FLOWER, GARDEN & NATURE PHOTOGRAPHER
BY GINA DOVER-JAQUES
Photography for Magazines, Journalists, Bloggers, Gardeners, Gardens, & Heritage Estates
AVAILABLE FOR COMMISSIONS
Snippets from my corner of the world
With the garden grey and with little signs of life, and mindful that frost can still visit into May, it was time to plant some bulbs indoors to add a cheery note in a corner of the house, and this year I chose Parrot Tulips.
Swans on the neighbouring lake have been engaging in courtship dances, that somehow seems to feel earlier every year, and some corners of the lakes are frozen again, with Wildfowl skidding on its surface.
January has been a mixed bag, with rain, glorious sun, amber skies, cold temperatures, frost and snow.
The lakes in the parkland here on my doorstep froze over again for a few days. Since December, water levels have remained almost a meter higher than usual, rendering the walkways somewhat muddy and slippery under foot.
The Cobs are starting to ward off their young from last year, and Snowdrops are bursting through; a reminder that Spring is soon to follow.
Temperatures plummet; it is to be expected for this time of year, but it is colder than usual at -5. As I strolled through the parkland in my hometown, I witnessed a spectacle that I had not seen before; the Swans were walking on ice, that covered the whole of the lake.
Days that are lit by sun are a delight. Long shadows and golden casts of light bring a new dimension to the landscape.
As the season turns into Autumn, the countryside is awash with vibrant colour from delicious Rosehips, Hawthorns, Sloes, Beech Nuts, and Blackberries.
I feast on a small number now again whilst on a walk, forever mindful that wildlife enjoys them too. Robins converse from either corners of my garden, and I am visited by so many creatures.
We had our first thunder storm last night. It was brief, but intense, yet I missed it as it did not wake me! Finally, the rain it brought with it, quenched the ground.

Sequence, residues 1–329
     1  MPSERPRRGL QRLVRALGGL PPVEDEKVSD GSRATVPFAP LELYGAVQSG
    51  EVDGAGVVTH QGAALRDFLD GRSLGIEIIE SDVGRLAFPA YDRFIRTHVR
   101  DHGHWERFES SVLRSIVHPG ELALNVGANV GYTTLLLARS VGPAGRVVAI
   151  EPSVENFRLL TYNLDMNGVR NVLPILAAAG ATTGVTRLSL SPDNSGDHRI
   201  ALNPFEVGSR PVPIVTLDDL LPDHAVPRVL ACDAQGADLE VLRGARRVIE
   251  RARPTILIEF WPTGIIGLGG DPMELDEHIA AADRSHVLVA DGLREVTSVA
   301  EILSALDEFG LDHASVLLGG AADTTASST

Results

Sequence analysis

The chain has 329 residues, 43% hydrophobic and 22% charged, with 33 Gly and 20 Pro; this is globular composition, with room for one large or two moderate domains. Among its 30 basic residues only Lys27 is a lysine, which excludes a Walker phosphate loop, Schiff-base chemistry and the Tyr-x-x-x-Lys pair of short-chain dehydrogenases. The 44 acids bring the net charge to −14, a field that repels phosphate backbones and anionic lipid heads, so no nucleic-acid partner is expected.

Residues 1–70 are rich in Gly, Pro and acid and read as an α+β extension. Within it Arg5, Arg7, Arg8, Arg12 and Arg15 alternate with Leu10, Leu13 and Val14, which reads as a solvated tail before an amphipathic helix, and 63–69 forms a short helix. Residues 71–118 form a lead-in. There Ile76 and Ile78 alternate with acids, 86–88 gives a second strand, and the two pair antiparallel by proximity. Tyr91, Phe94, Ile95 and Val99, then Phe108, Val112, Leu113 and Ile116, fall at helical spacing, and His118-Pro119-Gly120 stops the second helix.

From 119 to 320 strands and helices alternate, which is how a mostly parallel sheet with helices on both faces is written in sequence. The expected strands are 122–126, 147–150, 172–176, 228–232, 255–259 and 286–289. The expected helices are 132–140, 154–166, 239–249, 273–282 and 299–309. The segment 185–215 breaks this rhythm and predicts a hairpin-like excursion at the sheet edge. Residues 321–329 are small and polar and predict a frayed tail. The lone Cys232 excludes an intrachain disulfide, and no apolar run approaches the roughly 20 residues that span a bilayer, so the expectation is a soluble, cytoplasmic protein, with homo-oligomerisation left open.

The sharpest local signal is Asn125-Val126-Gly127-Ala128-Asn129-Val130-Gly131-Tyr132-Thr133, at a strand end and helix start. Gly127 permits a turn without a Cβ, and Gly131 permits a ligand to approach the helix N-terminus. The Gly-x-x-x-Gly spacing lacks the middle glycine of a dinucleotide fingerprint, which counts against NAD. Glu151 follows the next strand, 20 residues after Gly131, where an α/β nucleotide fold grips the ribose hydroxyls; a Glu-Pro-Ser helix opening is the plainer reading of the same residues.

The land is parched. The heatwave, despite fleeting, was intense, the hottest temperatures ever recorded.
Wildlife & Nature are in need of water, and rest-bite from the heat. Trees show signs of entering Winter dormancy already. Birds take refuge in shady areas in trees and bushes, and the small act of daily offerings of water in my garden hopefully benefits greatly.
Shorter daylight reminds us that Autumn is just around the corner, especially seeing Conkers on the trees since the beginning of the month.
Grasses have reached full height, and the Blackberries are looking to be a bumper crop this year. Occasionally on my daily jaunt in the parkland near my home, I help myself to 7 or so of them, so that the Birds are left with plenty, but I can enjoy their sweetness too. Little rain has falling again this month.
Bird song fills the air in the countryside, and since providing small offerings of bird seed, more birds visit my garden, and learning about how to keep the feeding stations decease free.
It is mid-June. Many days of glorious sunshine were followed by a few days of flurries of rain, but we could do with more. The days are long with sunup at four, and sundown at ten.
Everything is growing at full pace, and the countryside is awash with green.
May is the most giving of months, filled with new life. Wildflower Meadows are becoming a regular sight, Bluebells are breaking through, Waterfowl scurry across the water, and bird song is becoming varied.
I am attempting to recognise a few through their song. It is a beautiful way to stop and pause.
New life bursts through with vigour. Unusual for this time of year, but not uncommon of late, saw prolonged dry days.
I had missed out on April. A relentless, chesty cough, and sleepless nights left me exhausted. I was in catchup mode, and so, spent hours immersing myself in nature.
Japanese Cherry Blossom is in full bloom, and simply poetic. Nature's turn-of-pace is astonishing.
A mere six weeks have passed since Brigitte and I started this project of capturing her garden for Nature & Wildlife through the seasons.
Nature's slumbering melancholy tones in the Winter time are captivating, and a beautiful.
My morning ritual of seeing new life and tending to it, I saw first-hand how resourceful and remarkable Mother Nature is.
Growing edibles from seed to enjoying them from the plate, and planting for Nature, sparked my desire to photograph and journal my immersion in Nature & Wildlife.